But somehow it’s liberty that’s dangerous. Fortunately the special people still rule, to make sure it doesn’t break out somewhere. Their reign assures that this century will challenge the last for the title: Century of Slaughter. They see their subjects are domesticated draft animals, just smart enough to keep economies running, not smart enough to challenge domestication. However, it’s been free minds and free markets, not draft animals, that have produced the wonders that make modern life modern. Welfare states are halfway houses to totalitarianism. As they grow, liberty shrinks and progress slows, stops, and reverses, the deterioration culminating in either anarchy or tyranny.

Judging from the prevalence of terms like “secular stagnation” and the “end of growth,” we are in the stop phase and reversal is nigh. People have seen their freedom shrink and have borne the consequences, although most don’t make the connection between the two. Incomes have stagnated, opportunities have diminished, life grows ever coarser, and fear of a looming apocalypse pervades the popular consciousness. Many are preparing for a future in which modernity is no longer modern, where access to necessities and conveniences cannot be taken for granted. Guns and gold are at the top of checklists, for a day when the inevitable failure of the special people leads to the inevitable tyranny or anarchy.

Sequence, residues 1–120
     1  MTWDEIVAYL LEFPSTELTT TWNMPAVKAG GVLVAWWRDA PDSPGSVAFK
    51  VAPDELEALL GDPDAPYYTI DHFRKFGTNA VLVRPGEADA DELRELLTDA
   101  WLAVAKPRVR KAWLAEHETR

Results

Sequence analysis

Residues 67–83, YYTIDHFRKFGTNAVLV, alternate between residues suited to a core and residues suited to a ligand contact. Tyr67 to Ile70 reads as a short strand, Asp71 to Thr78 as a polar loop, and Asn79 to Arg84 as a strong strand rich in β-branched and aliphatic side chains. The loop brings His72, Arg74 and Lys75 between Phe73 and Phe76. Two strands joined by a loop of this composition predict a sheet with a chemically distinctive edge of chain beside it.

The discontent sweeping the planet is recognition that things are wrong on multiple fronts, although recognition of the root cause is rare. The idea that changing the hands on the levers offers solutions is magical thinking. The problems stem from granting the special people the levers in the first place. They may be replaced, but once the replacements have their hands on the levers, they’ll feel special, too. Power assuredly corrupts.

We’re closer to the real solution in the lament: “Why can’t they just leave us alone?” They—the special people—must leave us alone, it’s our moral right. Those who think the collapse will never come, or that freedom can be reclaimed without a fight, delude themselves. The craven adage: It’s better to live on one’s knees than die on one’s feet, offers a false choice. On your knees you may live to see another day, but you’ll never live to see better days. You may die on your feet, but liberty offers the only hope for better days. It’s worth fighting for. It’s worth dying for.

A novel for Freedom

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AMAZON

KINDLE

NOOK

A Few Uncomfortable Truths You Won’t Hear from the 2016 Presidential Candidates, by John W. Whitehead

There’s not much left of America’s liberties. From John W. Whitehead at rutherford.org:

If liberty means anything at all, it means the right to tell people what they do not want to hear.”—George Orwell

In the interest of liberty and truth, here are a few uncomfortable truths about life in the American police state that we will not be hearing from either of the two leading presidential candidates.

  1. The government is not our friend. Nor does it work for “we the people.”